Cambois was a place that had no signs pointing towards it until you were on the road that led only to Cambois. It was as if the people who made the road signs thought that no one who had anywhere else to go would be headed there. Once they were sure that was where you wanted to be, they felt you deserved to know you were travelling in the right direction. Anna Harbottle had lived in Cambois her entire life. All fifty-something years of it. She knew everyone and they all knew her. She had learned to drive on its narrow streets and learned to swim at the beach beyond her front gate. She’d spent summer nights waiting for the sky to turn black, knowing full well that at that time of the year, in her part of the world, the night would never fully arrive. It would be twilight all evening until the sun rose again.
For decades she had looked at the village’s only venue – the working men’s social club – and wondered what lay beyond its dark wood doors. As the name implied, the club was only for men. But lately, a girl from the council had got the men to agree that women and children should be allowed to go in, once a month, for a special event – a film night. It was on account of there being nothing much to do in Cambois. There were no pubs or cafes, not even a butchers, a grocers or a post office. And certainly no pictures – just houses, the sea and the working men’s club. The one bus that served Cambois stopped at 5 p.m. After that, if you didn’t have a car, you were stuck. Anna had one, but she had nowhere to go and no desire to drive. She didn’t mind staying put, it was the young ones she felt for: now, with the internet and all that, they could see the lives of others and it made Cambois feel a bit more like suffocating. Both of Anna’s children had left as soon as they could. Ryan went to Newcastle and Katy to Glasgow. Big cities where you could fade into the crowd. They came home once or twice a year. Each time Anna had promised that the next time, she would visit them. But Billy wasn’t a traveller, and she couldn’t go and leave Billy by himself.
Anna Harbottle did her make-up in the bedroom mirror, preparing for her first night out at the working men’s club. The foundation was too pale and the lipstick too bright for her too-full lips. She rubbed the lot off with a wet wipe, frustrated. Then she spotted them – perhaps Billy had left them out for her. She picked them up and slipped the small dangly jewels into her earlobes. A little touch of sparkle was what the occasion called for – not too much, but not too little. Billy had bought them for her for their twenty-first wedding anniversary, and she’d never got much wear out of them. Tonight was the perfect night to show them off. There was a little flutter of excitement in her stomach as she looked at her reflection. She didn’t look at all like a film star, but there was definitely a glow about her.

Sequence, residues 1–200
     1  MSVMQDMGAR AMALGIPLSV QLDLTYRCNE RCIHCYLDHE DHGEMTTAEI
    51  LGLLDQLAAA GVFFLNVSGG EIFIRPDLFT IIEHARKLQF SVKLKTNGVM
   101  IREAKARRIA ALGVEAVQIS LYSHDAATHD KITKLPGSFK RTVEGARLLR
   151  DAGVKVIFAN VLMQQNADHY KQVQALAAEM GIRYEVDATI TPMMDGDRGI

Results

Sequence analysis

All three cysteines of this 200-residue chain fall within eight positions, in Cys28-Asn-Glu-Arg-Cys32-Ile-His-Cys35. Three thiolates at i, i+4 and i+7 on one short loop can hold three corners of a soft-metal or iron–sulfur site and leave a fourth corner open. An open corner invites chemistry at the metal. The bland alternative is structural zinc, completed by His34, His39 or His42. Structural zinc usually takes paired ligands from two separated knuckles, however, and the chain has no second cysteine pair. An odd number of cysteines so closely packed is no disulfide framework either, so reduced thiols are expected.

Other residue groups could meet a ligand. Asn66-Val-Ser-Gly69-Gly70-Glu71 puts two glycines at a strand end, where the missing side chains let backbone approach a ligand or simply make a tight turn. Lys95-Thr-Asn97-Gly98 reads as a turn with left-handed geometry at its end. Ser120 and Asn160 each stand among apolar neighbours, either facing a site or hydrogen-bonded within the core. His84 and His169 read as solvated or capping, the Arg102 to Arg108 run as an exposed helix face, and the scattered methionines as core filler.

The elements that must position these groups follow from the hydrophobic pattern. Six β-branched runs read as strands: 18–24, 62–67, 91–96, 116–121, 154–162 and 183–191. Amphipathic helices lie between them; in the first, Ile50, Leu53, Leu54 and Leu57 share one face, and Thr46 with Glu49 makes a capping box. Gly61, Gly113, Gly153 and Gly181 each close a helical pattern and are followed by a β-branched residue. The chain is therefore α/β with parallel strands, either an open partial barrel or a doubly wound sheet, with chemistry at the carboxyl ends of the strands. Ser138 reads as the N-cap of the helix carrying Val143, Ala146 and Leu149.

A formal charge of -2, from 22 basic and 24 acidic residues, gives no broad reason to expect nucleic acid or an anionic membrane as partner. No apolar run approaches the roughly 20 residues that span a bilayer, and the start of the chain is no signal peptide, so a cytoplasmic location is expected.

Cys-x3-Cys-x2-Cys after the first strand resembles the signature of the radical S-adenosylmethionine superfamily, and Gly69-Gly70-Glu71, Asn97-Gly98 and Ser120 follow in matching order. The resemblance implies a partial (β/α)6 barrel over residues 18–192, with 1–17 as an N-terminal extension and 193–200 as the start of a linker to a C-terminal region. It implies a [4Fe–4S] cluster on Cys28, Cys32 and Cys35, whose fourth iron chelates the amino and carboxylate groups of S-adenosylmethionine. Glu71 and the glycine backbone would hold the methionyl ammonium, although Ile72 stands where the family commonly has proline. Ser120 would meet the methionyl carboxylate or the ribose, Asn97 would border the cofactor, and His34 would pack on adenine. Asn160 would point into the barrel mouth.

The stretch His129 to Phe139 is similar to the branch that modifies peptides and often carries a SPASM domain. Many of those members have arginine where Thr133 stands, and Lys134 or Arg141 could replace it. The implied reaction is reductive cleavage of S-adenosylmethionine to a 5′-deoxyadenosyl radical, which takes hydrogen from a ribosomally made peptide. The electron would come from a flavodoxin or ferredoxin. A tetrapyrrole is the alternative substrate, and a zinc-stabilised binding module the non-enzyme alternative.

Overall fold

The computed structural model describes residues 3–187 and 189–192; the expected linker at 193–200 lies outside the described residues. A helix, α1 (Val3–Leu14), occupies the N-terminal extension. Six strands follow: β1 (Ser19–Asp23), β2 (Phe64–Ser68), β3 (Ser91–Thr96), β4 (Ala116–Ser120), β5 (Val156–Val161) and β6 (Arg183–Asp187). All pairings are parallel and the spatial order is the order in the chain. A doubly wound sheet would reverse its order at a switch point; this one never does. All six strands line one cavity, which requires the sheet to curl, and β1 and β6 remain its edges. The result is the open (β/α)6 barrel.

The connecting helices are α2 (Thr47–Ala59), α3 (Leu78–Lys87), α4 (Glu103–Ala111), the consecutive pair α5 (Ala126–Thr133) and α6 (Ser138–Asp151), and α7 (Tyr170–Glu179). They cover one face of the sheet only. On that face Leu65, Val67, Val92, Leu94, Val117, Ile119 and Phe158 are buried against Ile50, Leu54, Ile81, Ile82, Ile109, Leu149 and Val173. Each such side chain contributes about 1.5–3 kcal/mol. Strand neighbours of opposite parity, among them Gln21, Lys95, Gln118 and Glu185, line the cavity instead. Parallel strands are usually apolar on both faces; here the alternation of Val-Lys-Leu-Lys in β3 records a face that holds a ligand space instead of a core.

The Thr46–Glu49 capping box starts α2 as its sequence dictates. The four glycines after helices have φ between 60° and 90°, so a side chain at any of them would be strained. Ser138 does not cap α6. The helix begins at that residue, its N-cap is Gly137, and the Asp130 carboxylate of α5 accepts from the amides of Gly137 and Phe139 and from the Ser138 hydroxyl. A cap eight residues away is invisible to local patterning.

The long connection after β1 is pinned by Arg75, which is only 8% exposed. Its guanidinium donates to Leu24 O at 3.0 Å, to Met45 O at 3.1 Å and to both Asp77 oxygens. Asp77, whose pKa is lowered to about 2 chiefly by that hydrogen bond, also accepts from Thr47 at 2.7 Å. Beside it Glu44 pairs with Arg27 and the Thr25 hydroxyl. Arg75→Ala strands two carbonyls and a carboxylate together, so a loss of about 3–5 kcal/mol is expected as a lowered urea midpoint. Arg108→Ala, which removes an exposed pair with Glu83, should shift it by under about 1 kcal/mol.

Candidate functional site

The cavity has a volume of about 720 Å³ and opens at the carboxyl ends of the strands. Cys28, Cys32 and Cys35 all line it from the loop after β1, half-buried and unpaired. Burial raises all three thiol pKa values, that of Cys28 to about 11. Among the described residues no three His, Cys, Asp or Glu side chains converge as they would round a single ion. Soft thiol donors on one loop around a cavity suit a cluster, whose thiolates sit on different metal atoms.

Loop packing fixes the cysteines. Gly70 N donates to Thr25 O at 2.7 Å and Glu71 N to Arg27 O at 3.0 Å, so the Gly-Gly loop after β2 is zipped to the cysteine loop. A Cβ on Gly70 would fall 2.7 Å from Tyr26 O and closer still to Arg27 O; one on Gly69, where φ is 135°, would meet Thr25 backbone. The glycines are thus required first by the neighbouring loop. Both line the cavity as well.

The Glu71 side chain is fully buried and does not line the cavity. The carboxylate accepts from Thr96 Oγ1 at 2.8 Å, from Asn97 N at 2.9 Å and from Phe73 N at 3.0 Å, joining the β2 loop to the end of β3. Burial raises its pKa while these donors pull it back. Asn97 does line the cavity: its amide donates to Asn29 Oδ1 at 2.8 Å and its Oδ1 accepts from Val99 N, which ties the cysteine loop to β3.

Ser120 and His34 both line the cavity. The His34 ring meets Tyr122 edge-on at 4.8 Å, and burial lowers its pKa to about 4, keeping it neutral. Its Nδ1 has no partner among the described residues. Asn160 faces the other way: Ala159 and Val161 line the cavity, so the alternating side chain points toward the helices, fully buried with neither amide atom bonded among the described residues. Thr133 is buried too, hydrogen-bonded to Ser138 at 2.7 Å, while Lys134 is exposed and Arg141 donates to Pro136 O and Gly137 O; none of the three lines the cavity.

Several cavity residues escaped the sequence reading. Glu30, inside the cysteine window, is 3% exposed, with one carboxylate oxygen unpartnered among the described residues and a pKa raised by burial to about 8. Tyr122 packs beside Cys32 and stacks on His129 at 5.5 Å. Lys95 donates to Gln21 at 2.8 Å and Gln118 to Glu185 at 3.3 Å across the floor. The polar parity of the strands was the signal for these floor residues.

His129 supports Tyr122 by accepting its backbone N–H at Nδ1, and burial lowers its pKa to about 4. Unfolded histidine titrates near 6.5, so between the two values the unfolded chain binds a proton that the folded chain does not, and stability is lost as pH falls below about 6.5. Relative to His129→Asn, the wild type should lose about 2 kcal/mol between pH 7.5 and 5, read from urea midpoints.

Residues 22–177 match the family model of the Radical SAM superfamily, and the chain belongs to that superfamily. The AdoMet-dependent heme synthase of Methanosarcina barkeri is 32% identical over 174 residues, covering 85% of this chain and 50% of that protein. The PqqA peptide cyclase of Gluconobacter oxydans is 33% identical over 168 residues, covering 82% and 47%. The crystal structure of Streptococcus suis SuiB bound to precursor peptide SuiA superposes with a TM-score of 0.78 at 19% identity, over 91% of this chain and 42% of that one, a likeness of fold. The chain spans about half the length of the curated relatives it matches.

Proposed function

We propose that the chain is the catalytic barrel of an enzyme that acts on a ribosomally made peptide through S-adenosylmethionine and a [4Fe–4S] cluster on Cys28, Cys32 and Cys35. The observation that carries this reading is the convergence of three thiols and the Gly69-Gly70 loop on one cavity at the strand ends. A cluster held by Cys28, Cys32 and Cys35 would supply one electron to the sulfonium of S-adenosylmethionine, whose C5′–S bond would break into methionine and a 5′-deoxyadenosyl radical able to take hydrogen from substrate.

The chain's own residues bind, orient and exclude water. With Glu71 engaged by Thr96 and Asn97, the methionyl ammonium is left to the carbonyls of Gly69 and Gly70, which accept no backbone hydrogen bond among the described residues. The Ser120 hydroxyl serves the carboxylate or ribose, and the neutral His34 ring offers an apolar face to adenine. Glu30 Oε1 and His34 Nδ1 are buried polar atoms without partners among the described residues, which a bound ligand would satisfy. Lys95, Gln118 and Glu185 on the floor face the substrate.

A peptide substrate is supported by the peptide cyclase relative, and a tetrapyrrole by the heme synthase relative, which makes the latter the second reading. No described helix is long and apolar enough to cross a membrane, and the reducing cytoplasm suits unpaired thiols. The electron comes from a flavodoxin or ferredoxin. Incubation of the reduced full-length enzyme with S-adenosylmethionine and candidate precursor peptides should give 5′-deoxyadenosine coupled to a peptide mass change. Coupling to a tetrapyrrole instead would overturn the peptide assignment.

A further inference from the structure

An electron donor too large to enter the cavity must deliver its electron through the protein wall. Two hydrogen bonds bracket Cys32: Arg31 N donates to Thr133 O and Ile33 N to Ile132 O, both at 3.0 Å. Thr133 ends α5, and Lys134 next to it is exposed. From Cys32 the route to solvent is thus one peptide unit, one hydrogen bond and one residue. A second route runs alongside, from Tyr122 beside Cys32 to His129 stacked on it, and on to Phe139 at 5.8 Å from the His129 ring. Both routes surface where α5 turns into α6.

She still couldn’t quite believe this was happening, but it had all been agreed and no one could turn back on it now. Once a month the women and children would have access to the social club to watch a new film on a big screen with a projector. The council had it all arranged – it would be like having the pictures on your doorstep, the lass from the council had said that. She wasn’t from Cambois, you could tell. She was probably from somewhere like Blyth or Whitley Bay; she had the air of the outside about her. She’d managed to win them all round, but when it came to the final meeting, she hadn’t turned up. That was the problem with the council types and their community development ideas – none of them were from around here, and every six months you had a new face telling you what the neighbourhood needed, but no bugger hung around long enough to finish the thing they’d started. For that final meeting, the council had sent another lass. Anna thought it had been a mistake: the new girl looked even more out of place than the first one. Her difference wasn’t just an air about her, it was a physical thing. It made Anna’s skin tingle. Anna had wondered if that was why Billy had joined the meeting that day: he saw the new lass and was nervous that things might kick off. He was never interested in the council’s community development projects, but he came to this meeting – sat at the picnic table along with everyone else, and he watched and listened, and pretended to care.
Test Signal will be published by Bloomsbury on 8 July 2021. Purchase a copy through our Bookshop affiliate link here.